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Videosurgery and Other Miniinvasive Techniques
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Thoracic surgery
Original paper

Comparative study of video-assisted thoracoscopic surgery versus open thymectomy for thymoma and myasthenia gravis

Ezel Erşen, Burcu Kılıç, Hasan Volkan Kara, Mehlika İşcan, İsmail Sarbay, Ahmet Demirkaya, Selim Bakan, Melih Tütüncü, Akif Turna, Kamil Kaynak

Videosurgery Miniinv 2018; 13 (3): 376–382
Online publish date: 2018/05/16
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Introduction

Thymectomy is the preferred standard treatment in younger non-thymoma patients with myasthenia gravis as well as in patients with early stage thymoma [1]. Total thymectomy by median sternotomy has been the surgical approach since resection of the thymus with video-assisted thoracoscopic surgery (VATS) was first reported in the late 1990s [1–3].
The most important long-term prognostic factor in malignant thymic tumors is complete surgical resection [4–6]. According to a recent meta-analysis, VATS thymectomy was found to be as safe and feasible as open thymectomy regarding oncologic outcomes and postoperative complication rates [7].
Myasthenia gravis (MG) is an auto-immune disease associated with abnormal antibodies binding to the acetylcholine receptors at the neuromuscular junction of the skeletal muscle, which causes destruction and modification of the neuromuscular junction. Patients usually present with weakness of the skeletal muscle, respiratory muscles, ocular muscles and bulbar muscles [8–10].
The prognosis of MG patients largely depends on the complete removal of the thymus tissue, and incomplete resection may mean higher recurrence rates. Video-assisted thoracoscopic surgery thymectomy in MG patients not only provides the chance to perform complete thymic resection, but also brings additional benefits such as less pain, smaller incisions, shorter length of hospital stay, and lower incidence of postoperative myasthenia crisis as well [11].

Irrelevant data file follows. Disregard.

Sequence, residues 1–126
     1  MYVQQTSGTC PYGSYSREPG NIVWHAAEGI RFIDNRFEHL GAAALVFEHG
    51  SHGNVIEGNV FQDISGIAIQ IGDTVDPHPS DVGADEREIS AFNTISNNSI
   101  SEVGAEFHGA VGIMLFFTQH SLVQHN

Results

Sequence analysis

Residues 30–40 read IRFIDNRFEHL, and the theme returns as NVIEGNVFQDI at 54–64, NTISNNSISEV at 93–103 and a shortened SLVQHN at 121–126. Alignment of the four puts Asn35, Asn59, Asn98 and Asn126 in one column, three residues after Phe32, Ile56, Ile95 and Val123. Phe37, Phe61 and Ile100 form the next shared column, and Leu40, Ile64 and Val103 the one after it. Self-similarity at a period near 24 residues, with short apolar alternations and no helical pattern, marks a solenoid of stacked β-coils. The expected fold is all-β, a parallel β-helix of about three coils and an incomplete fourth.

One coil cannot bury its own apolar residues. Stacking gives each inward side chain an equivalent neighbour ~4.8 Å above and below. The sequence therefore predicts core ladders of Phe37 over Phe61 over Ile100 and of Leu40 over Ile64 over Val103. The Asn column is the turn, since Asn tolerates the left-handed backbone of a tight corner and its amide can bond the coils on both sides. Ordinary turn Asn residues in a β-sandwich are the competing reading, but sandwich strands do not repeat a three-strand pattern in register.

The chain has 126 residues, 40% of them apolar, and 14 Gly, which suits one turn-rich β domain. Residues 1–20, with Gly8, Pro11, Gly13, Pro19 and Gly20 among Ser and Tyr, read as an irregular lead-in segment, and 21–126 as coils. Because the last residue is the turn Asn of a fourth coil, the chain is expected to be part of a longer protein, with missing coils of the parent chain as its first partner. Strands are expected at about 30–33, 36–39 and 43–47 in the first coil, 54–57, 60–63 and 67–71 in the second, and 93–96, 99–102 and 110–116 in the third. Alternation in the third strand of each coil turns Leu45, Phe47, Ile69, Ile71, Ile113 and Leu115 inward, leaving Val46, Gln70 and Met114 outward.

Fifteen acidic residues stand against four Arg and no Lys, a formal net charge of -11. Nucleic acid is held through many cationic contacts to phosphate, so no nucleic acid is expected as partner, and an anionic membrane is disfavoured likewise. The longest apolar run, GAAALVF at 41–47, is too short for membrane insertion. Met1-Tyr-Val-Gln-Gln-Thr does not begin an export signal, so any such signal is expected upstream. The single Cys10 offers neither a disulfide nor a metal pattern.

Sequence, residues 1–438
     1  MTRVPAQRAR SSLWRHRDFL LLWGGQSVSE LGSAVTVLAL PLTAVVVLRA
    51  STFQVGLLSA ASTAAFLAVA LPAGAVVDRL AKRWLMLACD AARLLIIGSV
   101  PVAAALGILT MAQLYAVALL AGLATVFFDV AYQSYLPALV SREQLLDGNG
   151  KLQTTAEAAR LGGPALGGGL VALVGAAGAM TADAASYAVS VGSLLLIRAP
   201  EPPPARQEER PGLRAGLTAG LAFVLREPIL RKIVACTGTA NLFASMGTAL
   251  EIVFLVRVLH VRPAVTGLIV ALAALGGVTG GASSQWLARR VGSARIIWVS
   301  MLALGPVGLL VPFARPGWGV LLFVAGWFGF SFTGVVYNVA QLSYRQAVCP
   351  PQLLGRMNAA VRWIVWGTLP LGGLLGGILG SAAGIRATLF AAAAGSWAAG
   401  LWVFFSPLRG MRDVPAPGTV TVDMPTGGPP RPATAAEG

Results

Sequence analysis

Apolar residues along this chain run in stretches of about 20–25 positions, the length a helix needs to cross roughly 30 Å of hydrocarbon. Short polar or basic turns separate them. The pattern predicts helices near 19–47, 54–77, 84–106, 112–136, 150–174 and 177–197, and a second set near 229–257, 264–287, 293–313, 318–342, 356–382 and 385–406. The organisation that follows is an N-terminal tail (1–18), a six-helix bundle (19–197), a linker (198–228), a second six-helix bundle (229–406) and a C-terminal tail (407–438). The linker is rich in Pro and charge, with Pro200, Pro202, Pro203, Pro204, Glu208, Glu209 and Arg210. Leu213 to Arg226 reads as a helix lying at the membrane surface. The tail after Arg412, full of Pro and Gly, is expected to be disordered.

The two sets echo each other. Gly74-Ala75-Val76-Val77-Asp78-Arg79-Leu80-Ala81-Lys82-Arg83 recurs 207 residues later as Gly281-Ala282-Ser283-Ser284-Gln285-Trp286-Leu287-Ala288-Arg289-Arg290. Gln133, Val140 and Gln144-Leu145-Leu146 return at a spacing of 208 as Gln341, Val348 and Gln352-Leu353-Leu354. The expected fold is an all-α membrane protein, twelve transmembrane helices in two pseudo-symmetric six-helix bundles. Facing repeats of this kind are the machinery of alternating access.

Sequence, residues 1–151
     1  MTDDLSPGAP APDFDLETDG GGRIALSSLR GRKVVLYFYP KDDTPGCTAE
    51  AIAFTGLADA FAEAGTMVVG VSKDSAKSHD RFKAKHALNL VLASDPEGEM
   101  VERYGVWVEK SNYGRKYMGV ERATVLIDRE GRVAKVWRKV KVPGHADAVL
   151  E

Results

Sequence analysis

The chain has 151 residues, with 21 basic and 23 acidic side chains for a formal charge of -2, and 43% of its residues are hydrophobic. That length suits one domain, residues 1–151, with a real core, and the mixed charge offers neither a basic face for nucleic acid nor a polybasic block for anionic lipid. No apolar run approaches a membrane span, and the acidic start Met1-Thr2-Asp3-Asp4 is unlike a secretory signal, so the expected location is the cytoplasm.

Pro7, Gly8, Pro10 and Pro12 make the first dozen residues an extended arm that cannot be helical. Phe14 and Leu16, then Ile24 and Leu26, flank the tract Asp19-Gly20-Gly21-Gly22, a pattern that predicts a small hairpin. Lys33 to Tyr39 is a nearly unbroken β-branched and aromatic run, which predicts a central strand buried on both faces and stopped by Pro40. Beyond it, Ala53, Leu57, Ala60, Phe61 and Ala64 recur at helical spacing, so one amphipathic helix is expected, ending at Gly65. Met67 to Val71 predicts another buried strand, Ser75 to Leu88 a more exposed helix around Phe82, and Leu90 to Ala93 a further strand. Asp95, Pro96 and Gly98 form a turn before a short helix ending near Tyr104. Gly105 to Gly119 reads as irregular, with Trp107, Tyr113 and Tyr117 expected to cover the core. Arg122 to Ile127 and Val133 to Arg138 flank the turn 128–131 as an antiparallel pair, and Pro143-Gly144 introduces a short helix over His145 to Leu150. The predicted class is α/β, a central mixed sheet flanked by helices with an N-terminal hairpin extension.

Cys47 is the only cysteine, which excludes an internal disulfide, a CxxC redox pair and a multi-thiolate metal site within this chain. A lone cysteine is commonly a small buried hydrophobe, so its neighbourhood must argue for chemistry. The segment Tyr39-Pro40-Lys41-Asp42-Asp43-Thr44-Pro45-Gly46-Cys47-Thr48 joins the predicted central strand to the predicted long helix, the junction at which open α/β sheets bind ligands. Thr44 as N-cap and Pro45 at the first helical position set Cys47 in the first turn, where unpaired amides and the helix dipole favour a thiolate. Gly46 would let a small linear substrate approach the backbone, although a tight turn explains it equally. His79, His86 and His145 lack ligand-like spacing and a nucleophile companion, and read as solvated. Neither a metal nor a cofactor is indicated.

In our institute, thoracoscopic thymectomy has been performed since October 2012. In this study, we aimed to compare the clinical and surgical outcomes between VATS thymectomy and open thymectomy from October 2012 to January 2016 retrospectively. Our objective was to determine whether minimally invasive thymectomy was as safe and effective as open surgery.

Aim

The aim of this study is to compare the clinical outcomes of video-assisted thoracoscopic thymectomy with conventional open thymectomy for neoplastic and non-neoplastic thymic diseases.

Material and methods

In our institute, 40 patients underwent thoracoscopic and open thymectomy between October 2012 and January 2016. Fifteen patients were male and 25 patients were female aged between 9 and 75 years with the mean age 40.3 ±17.7 years (34.7 ±15.1 in male patients and 43.6 ±18.6 in female patients) (Table I). Seventeen (55%) patients underwent VATS thymectomy and 23 (45%) patients underwent an open procedure (partial sternotomy in 5 patients and sternotomy in 18 patients). Seventeen patients had comorbidities (42.5%). In all of the thoracoscopic cases, we preferred the right-sided approach. Video-assisted thoracoscopic surgery thymectomies were carried out using three thoracic ports. Open thymectomy (sternotomy, partial sternotomy) was used for cases of thymomas larger than > 6 cm. In one case, VATS was converted into a thoracotomy. The reason for the conversion was bleeding from the right mammary artery.